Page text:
I grew up in Denver, Colorado in the 1980s. Denver has always been a football-crazed town, especially when the Broncos were playing well. We had a future NFL Hall-of-Fame quarterback (who is now the team’s EVP and General Manager) by the name of John Elway. When you looked at his statistics compared to other quarterbacks, they didn’t always compare favorably. But he took the team to five Super Bowls, winning two of them. So when the discussion turned to who was the greatest quarterback in the league and someone asked, “Name one statistic where Elway is number one?” the most persuasive answer was always “wins!”
Technology product marketers can measure themselves on any number of different metrics and key performance indicators, but the only one that really matters at the end of the day is revenue. You can overachieve on every other measure, but if the revenue numbers for the company (or business group or product line) come up short, it doesn’t matter. No one will pat you on the back and say “great job.”
Revenue (and ultimate success) comes down to winning as Tony Dungy, Reece Bobby. Vince Lombardi, Charlie Sheen, DJ Khaled and numerous others have said or paraphrased. Elite athletes (and their coaches) spend more hours watching tape to understand why the won or lost than they do competing in their sports. That’s because success (or continued success) depends on understanding why you did or didn’t win in previous attempts.
For technology and service providers, we call this win/loss analysis. While the vast majority of Gartner clients (and likely non-Gartner clients) do some form of win/loss analysis, only a minority (likely 35-40%) conduct it in a comprehensive, rigorous and thoughtful manner. While ad-hoc reviews about key losses can help identify obvious problems, providers that only utilize that strategy are putting themselves at a competitive disadvantage.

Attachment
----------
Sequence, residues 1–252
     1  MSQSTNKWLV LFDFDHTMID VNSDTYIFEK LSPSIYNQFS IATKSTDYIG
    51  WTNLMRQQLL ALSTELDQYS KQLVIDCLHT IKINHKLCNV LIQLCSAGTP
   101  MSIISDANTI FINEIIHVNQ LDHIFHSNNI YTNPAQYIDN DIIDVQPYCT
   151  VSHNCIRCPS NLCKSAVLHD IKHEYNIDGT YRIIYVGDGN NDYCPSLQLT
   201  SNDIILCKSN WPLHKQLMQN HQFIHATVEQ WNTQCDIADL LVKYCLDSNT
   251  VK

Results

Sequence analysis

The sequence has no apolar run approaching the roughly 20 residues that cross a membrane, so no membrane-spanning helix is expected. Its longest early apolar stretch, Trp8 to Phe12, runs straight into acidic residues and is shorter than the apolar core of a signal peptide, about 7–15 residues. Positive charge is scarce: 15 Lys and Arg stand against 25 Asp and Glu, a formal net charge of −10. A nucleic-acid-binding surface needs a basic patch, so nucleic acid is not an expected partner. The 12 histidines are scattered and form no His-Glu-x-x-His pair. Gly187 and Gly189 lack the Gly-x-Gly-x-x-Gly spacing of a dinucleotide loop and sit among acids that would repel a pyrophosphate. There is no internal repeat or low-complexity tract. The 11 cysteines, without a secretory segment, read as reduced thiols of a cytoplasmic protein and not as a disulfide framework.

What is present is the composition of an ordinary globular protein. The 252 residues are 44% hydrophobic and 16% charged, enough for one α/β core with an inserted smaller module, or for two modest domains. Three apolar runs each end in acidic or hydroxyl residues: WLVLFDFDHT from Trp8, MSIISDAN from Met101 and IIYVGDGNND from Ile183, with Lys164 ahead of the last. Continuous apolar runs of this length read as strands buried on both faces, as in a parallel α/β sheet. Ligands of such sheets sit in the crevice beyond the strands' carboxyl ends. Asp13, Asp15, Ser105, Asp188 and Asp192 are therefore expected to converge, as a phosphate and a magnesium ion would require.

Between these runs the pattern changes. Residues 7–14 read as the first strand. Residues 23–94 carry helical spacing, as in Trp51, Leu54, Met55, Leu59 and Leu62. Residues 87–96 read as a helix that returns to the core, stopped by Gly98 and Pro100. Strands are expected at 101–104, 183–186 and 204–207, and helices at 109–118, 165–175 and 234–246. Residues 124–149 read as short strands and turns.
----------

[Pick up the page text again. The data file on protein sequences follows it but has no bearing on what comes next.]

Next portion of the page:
This is an area that my new research note that I cover in my new research note, “Tech Go-to-Market: Three Ways Marketers Can Use Data from Win/Loss Analysis to Increase Win Rates and Revenue” (subscription required). Win/loss analysis can be a powerful tool, but only when done right and only when there is a commitment (and follow through) to use the results to make strategic decisions and changes.
The note doesn’t talk about the basics of setting up a program, but I do highlight some prerequisites to getting it to work, including:
- Securing buy-in not only from sales and product executives, but also senior management
- Sharing the results broadly rather than hoarding key information
- Conducting enough interviews to be meaningful and not making snap decisions based on limited data points
Once you have those basic tenets in place, then win/loss analysis can help improve three critical functions within most provider organizations:
- Targeting and segmentation (helping to identify deals you “should win” rather than deals you merely “can win”
- Product road map and strategy (understanding what capabilities will help you better improve win rates particularly against key competitors)
- Positioning, messaging, and sales enablement (improving the sales experience and storytelling)
There are any number of reasons why providers don’t engage in more comprehensive win/loss analysis. Culture, budget, resources, and lack of collaboration are often cited. But if revenue is the most critical metric and win percentage is the best predictor of revenue, then product marketers need to work harder to overcome the resistance.